by Tom Billups, C.S.C.S.
I received an email the other day from a high school rugby player asking for some advice about ways to improve his rugby. Specifically, he asked if I thought it was a good idea for him to quit football and focus solely on rugby. He wonders if he would be better off “specializing” in rugby rather than trying to play multiple sports. My answer, based both from personal and professional experience was no, don’t specialize in high school. I am convinced that playing other sports like football, basketball, or wrestling help to make you a better rugby player.
Being exposed to and participating in a variety of high school sports provides a general knowledge of the fundamental skills required to play sport. Once an athlete has been taught the fundamentals of throwing a ball or receiving a pass, they can better appreciate the athleticism required to execute that skill. The better the fundamentals are taught (and learned), the better the understanding of what is taking place. This enhanced understanding and appreciation leads to greater enjoyment when playing sport.
Playing multiple sports in high school means being exposed to a greater number of teammates and coaches. As one decorated multiple sport high school athlete said, “ I love my sport (football) and I am not going to back out on my teammates to get ready for the next sport (baseball)”. “I take my sports in the order of the season, so after football, I become a baseball player”. It is the athlete who decides how many sports to participate in and the coaching staff’s responsibility to assure the athlete has a positive athletic experience while on the team. The high school coaches I admire most support multi-sport participation for their students and it should be no surprise that most successful high school athletic departments nurture this multi-sport culture within their schools. There is a time to become a single sport athlete, and that time is when you become an intercollegiate athlete.
Competing in more than one sport in high school generates more competitive experiences for the athlete to draw upon. The more times an athlete is in a competitive arena, where performance matters, the better prepared they will be for intercollegiate competition. This is especially true for high school rugby players that are on teams that only play a handful of rugby matches each season. Basketball coaches sleep better at night knowing they have athletes that can deal with the pressure of sinking a free throw with the game on the line. Likewise, rugby coaches benefit from the knowledge that their players have similar competitive experiences, in other sports, to draw upon in tight matches.
When competing in multiple American sports, rugby athletes are exposed to differing approaches to physical preparation. Rugby players benefit from learning how strength training movements are used to develop game and performance competency. An example would be the strength and conditioning performed by sophisticated high school football programs is position specific, something high school rugby strength programs aren’t. Athletes learn the importance of training smart and the benefits that position specific training has on their performance and game enjoyment. There are numerous transferable team lessons and individual physical skills, such as footwork, that are beneficial in all sports. Additionally, the absence of video and statistical analysis in high school rugby means athletes need to play other sports to fully appreciate to use these tools as important aspects of their development.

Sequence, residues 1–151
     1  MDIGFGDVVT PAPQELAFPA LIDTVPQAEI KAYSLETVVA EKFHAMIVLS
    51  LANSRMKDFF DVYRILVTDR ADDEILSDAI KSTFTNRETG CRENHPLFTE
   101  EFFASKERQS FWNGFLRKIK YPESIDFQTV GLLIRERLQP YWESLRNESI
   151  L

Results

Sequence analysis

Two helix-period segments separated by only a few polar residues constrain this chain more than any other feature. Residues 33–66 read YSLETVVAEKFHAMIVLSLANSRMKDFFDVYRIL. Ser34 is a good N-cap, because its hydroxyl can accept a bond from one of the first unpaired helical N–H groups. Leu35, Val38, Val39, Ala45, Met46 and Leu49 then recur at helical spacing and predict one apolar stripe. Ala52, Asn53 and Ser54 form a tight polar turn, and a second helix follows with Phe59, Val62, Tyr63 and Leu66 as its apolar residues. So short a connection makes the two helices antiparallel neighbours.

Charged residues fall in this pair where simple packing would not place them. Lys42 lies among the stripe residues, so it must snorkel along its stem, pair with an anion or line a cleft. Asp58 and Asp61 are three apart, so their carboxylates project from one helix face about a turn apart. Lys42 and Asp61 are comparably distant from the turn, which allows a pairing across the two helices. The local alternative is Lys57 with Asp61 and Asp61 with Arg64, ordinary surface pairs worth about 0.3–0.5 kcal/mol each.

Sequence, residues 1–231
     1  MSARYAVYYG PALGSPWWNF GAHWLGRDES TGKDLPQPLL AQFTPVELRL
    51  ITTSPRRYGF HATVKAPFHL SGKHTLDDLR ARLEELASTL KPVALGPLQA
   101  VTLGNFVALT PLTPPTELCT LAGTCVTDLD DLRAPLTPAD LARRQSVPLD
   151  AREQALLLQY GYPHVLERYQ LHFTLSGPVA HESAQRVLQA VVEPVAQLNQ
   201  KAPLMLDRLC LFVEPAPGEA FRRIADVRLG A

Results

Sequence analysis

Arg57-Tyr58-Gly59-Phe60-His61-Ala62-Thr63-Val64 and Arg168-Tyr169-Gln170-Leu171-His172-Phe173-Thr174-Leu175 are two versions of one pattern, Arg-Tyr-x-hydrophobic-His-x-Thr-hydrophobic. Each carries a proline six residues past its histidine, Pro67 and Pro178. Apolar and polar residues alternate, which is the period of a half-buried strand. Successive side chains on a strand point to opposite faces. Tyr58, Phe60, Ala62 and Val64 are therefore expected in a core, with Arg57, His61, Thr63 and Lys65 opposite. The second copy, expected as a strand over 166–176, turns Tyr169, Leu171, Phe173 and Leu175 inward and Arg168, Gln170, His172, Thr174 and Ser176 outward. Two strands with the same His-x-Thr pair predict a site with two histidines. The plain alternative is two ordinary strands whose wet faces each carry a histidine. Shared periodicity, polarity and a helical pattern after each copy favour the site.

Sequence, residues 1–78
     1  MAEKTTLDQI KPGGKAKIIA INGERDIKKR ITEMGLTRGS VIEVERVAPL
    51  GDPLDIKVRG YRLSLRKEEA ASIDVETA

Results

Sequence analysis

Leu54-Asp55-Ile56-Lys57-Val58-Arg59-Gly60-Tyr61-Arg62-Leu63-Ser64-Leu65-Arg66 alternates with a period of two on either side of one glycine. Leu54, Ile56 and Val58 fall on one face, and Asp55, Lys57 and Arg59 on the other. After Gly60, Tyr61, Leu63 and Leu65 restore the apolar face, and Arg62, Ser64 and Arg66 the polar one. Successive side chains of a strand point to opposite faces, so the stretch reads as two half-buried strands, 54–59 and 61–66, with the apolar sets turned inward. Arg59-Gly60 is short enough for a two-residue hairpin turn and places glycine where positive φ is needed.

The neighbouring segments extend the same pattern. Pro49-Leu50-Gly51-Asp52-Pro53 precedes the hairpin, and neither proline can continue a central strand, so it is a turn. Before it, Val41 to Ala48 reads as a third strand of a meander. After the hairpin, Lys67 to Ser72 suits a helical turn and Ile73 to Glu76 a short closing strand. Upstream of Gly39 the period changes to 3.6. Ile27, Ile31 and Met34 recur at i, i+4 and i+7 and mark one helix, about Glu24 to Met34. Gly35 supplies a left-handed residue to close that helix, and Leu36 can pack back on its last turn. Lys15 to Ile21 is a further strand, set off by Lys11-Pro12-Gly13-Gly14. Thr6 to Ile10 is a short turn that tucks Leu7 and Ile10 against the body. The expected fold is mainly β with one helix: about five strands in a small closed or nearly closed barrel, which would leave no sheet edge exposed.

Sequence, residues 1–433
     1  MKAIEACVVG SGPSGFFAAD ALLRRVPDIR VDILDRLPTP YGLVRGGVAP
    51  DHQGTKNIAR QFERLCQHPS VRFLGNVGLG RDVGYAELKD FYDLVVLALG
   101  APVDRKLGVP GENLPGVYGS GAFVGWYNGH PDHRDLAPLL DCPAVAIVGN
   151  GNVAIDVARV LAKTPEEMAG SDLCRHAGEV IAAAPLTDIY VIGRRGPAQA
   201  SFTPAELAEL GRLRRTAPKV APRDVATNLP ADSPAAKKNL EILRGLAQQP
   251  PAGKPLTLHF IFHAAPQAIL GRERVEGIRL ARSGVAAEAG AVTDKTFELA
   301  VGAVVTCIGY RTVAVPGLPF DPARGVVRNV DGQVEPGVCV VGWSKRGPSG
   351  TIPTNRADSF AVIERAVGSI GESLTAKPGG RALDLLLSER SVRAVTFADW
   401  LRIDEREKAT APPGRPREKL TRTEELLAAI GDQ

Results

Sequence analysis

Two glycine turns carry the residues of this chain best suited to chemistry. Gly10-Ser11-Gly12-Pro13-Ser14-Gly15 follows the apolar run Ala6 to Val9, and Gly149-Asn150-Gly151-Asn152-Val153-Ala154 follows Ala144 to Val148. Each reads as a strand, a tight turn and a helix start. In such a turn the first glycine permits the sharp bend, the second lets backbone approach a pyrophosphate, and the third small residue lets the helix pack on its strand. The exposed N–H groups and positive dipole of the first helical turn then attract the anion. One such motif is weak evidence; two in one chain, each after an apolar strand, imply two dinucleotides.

There are likewise athlete accountability standards in many scholastic sports that surpass high school rugby. Players in traditional U.S. sports are required to commit to memory playbooks the size of a phone book. Each player’s assignment interlocking with the next.
Lastly, by playing multiple sports while in high school, athletes have the opportunity to earn a diverse athletic pedigree. For example, by displaying the athletic ability to earn all-conference or all-state honors, rugby athletes in traditional American sports establish a noteworthy benchmark. Not surprisingly, a majority of the great players to play rugby for the United States were also accomplished athletes in other sports. Players like Chris O’Brien, Dan Lyle, David Hodges, Richard Tardits, Don James, Gary Hein, and Jack Clark readily come to mind.
Multi-sport training and participation at the high school level better develops rugby players for the collegiate competition and beyond. It’s how we do it!
Tom Billups began his rugby career in 1984 and has spent time as a player in New Zealand (Bay of Plenty), the U.S. (The Old Blues), England (London Harlequins), and Wales (Pontypridd) for domestic teams as well as representing the U.S.A. at international tournaments with the Eagles. After hanging up his boots, Billups got into coaching leading the Eagles and now with University of California – Berkeley. Read the entire bio of Tom Billups as well as Billups first column My Rugby Path and then check out what Billups is saying about the game of rugby in The Billups Column on Rugby Rugby.
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